Experiential knowledge means the understanding and expertise an individual gains through lived experiences, rather than from formal education or professional training (Source: American Psychological Association).
Human Rights Model of Disability
The human rights model recognizes that disability is a natural part of human diversity that must be respected and supported in all its forms; people with disabilities have the same rights as everyone else in society and impairment must not be used as an excuse to deny or restrict people’s rights (Source: Disability Advocacy Resource Unit).
Inclusion is defined as the practice of ensuring that all individuals are valued and respected for their contributions and equally supported (Source: Guide for Applicants: Considering equity, diversity and inclusion in your application [ PDF (1.33 MB) - external link ] [NSERC], Definitions Let’s Talk CIHR, Best Practices in Equity, Diversity and Inclusion in Research [SSHRC]).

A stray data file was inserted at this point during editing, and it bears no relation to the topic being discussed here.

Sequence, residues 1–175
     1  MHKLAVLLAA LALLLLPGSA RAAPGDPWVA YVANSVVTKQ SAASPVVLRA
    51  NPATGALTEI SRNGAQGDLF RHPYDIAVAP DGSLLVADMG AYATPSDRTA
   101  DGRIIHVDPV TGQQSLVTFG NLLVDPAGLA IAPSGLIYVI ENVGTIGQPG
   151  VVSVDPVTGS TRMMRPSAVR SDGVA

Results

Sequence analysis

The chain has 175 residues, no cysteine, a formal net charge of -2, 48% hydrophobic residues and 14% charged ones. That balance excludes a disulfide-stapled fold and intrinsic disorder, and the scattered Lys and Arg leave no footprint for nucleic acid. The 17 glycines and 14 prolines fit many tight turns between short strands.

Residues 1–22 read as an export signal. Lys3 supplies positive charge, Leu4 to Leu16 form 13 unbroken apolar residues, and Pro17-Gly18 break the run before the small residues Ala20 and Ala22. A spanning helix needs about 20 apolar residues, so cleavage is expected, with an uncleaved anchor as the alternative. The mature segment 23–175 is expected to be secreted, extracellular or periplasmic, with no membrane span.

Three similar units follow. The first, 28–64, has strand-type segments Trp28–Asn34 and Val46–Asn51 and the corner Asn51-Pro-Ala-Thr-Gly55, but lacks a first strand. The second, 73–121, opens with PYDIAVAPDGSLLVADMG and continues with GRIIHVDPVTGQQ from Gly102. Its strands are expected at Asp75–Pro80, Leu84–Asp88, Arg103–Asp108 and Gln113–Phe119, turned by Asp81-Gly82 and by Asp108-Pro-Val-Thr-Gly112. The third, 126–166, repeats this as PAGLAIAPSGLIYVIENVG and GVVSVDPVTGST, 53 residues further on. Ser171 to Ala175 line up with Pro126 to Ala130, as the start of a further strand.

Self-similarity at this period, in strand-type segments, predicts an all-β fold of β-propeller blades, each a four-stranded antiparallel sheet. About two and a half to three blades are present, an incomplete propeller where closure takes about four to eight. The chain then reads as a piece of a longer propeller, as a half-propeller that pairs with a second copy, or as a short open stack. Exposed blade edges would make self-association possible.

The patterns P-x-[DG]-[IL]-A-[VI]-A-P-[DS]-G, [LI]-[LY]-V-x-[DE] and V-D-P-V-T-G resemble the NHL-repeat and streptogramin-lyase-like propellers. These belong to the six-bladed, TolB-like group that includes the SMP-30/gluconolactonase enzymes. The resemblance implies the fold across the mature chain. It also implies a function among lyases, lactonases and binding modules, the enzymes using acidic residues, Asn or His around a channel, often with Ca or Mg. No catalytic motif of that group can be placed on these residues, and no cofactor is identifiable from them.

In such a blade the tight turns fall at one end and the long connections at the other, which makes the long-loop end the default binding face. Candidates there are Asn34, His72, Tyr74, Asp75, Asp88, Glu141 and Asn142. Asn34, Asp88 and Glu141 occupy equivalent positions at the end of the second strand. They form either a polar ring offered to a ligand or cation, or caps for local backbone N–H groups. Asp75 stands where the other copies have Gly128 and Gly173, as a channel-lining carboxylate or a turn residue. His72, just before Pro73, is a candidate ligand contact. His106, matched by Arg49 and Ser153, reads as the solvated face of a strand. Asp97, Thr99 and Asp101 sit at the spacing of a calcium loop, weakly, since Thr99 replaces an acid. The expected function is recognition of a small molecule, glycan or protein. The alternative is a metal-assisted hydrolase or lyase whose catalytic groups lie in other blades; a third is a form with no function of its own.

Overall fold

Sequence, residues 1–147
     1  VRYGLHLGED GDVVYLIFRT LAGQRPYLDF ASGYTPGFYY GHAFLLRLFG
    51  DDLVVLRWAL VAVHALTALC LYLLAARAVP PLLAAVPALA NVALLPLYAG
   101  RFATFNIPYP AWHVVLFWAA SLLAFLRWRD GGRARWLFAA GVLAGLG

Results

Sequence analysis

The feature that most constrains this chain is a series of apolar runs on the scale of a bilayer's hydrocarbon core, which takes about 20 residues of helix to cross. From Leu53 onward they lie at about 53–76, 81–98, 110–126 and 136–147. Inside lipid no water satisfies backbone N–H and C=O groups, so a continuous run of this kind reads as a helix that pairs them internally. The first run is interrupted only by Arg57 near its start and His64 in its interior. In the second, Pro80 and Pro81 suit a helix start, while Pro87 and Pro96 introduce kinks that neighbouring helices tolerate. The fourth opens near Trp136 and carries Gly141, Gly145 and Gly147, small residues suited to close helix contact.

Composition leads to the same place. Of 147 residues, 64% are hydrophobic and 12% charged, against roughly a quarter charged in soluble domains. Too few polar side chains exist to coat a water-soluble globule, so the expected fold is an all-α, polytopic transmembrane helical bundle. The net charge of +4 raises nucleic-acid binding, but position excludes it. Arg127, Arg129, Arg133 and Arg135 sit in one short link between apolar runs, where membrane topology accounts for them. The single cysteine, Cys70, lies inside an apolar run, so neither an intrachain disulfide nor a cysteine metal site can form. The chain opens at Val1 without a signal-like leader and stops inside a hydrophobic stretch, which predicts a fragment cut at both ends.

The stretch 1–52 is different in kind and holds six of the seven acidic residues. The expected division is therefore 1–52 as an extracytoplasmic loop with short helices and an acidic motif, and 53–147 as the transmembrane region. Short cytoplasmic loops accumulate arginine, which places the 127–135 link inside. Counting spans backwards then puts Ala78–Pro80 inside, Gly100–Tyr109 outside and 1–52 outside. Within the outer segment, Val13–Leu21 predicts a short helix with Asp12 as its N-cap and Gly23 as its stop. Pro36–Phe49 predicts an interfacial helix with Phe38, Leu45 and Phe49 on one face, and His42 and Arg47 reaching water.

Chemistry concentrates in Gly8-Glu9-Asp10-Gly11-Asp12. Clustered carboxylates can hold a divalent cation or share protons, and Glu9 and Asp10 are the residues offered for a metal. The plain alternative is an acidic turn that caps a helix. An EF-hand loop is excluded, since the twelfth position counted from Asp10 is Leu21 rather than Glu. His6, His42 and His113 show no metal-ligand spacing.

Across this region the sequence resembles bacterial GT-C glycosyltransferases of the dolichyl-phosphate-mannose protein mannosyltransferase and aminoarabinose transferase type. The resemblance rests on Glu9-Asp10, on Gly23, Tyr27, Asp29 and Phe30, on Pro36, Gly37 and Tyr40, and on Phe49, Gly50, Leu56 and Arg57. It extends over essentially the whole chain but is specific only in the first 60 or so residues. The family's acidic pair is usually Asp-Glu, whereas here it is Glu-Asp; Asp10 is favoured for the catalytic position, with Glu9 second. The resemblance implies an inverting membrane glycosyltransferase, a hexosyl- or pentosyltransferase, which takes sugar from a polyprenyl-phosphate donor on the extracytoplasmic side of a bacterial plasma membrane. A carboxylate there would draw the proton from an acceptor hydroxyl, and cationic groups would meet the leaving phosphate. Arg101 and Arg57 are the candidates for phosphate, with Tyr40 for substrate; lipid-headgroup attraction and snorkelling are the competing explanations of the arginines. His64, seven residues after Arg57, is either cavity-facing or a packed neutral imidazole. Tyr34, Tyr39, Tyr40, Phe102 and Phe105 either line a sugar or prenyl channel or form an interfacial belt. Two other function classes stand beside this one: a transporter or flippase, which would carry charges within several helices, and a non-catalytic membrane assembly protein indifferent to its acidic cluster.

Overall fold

Inclusive language refers to decisions over various forms of communication (including writing and speaking) that, through their grammar, structure, and word choice, take into account everyone that is both being addressed directly and being discussed. More broadly, inclusive language consciously avoids perpetuating discrimination or stigmatization against any marginalized group (Source: Creating an Equitable, Diverse and Inclusive Research Environment: A Best Practices Guide for Recruitment, Hiring and Retention).